State, federal bills aimed at improving broadband access

  • Shelley Moore Capito Courtesy photo—

  • Maggie Hassan Courtesy photo—

  • Jeanne Dietsch Courtesy photo

Monadnock Ledger-Transcript
Published: 11/20/2019 11:44:01 AM

Last year, the legislature approved a bill to allow towns to take out bonds to build internet infrastructure. This year, bills at the state and federal level seek to build on that success with new ways for towns to fund and collaborate internet build-outs.

State senator Jeanne Dietsch (D-Peterborough) is currently drafting a bill that would allow towns in the state to join with their neighbors to finance broadband projects.

The bill is based on an existing bill that allows towns to partner for sewer services.

Dietsch said the bill would mostly benefit smaller towns who aren’t able to entice internet service providers with their small or spread-out populations.

“A tiny town cannot attract an internet service provider by itself. This gives them the ability to get someone’s attention,” Dietsch said. 

Dietsch said for a town like Peterborough, which has access to high-speed internet in its center, agreements with border towns could help fill in the town’s edges, where speeds are less robust.

“In Peterborough, we basically have good internet on the Route 101/Route 202 axis, and as you move into the corners, it gets poorer and poorer,” Dietsch said. “If we get the surrounding towns involved, we can get the town’s corners covered as well.”

The federal legislature is also proposing bills this session to address broadband investment.

U.S. Senator Maggie Hassan (D-NH) and Senator Shelley Moore Capito (R-WV) have introduced two bi-partisan bills to spur broadband infrastructure by providing new options to finance it.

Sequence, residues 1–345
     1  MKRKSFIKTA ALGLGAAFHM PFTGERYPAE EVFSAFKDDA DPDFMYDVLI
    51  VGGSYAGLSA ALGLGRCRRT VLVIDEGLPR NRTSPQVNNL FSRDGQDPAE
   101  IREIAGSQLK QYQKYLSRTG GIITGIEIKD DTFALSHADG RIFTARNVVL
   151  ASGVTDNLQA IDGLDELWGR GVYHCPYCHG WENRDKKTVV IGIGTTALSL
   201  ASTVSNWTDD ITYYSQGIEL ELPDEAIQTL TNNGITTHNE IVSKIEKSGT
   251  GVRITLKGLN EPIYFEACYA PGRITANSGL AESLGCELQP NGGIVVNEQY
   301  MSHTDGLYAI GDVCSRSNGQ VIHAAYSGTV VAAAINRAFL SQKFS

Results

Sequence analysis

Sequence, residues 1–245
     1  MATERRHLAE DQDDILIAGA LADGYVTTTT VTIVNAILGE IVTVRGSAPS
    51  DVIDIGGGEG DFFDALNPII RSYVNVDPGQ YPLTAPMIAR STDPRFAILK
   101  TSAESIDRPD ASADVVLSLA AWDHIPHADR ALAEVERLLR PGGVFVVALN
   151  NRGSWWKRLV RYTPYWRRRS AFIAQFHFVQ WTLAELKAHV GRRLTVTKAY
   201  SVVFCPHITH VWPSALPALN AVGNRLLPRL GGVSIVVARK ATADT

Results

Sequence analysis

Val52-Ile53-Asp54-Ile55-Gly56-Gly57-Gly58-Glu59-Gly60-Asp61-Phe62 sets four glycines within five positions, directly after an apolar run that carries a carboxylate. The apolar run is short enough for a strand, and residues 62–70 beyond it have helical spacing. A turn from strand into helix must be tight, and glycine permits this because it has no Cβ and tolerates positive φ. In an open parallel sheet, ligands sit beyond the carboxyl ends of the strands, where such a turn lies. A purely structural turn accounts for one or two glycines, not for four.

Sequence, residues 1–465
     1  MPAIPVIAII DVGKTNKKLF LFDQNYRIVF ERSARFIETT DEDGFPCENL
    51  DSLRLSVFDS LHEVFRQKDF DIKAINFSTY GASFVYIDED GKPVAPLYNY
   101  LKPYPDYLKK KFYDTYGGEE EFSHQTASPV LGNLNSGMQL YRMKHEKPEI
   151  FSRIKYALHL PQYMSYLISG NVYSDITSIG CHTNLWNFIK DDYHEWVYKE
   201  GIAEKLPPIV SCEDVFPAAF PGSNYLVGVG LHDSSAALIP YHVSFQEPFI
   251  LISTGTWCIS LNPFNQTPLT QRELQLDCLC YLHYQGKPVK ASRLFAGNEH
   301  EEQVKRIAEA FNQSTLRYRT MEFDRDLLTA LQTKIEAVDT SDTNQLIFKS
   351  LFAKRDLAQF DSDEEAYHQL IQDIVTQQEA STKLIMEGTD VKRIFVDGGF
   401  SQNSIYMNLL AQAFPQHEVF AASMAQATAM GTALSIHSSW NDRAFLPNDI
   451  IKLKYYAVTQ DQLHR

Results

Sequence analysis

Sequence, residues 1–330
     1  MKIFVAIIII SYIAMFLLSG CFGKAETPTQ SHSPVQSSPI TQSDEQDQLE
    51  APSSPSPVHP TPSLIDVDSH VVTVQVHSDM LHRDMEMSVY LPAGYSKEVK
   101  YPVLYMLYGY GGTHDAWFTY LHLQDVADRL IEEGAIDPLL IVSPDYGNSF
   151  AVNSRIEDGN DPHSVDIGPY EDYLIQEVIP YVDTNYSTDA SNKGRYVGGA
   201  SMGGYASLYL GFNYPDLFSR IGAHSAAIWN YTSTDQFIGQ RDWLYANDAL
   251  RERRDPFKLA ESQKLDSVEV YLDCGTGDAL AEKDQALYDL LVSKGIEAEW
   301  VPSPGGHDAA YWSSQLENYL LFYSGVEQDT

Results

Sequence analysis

The first bill, the Rural Broadband Investment Tax Credit, would create a federal tax credit states and municipalities could use for rural broadband initiatives. 

The bill would create a federal investment tax credit which would cover 10 percent of an internet provider’s investment in gigabit speed-capable broadband in rural areas. Each state would be guaranteed $5 million in investment tax credits annually, with additional credits available based on states with large areas of rural population. 

States and towns can nominate broadband projects for the tax credits, and if a state exceeds its annual tax credit, the state can choose to prioritize projects.  

The Rural Broadband Financing Flexibility Act would allow states and local governments to issue tax-exempt bonds which would finance partnerships between towns and internet providers to finance broadband projects, and allow the federal government to assist with bond payments.

In a statement issued last week, Hassan said reliable broadband is increasingly vital. 

“From innovative small businesses owners who need reliable broadband access to kids across our state who need to get online to do their schoolwork, it’s clear that more work needs to be done to ensure that rural communities in the Granite State and across the country have better broadband access,” Hassan said. “The bills that Senator Capito and I introduced give states and localities the resources and flexibility that they need to assess and finance broadband projects in the areas that most need it.”

 

Ashley Saari can be reached at 924-7172 ext. 244 or asaari@ledgertranscript.com. She’s on Twitter @AshleySaariMLT.


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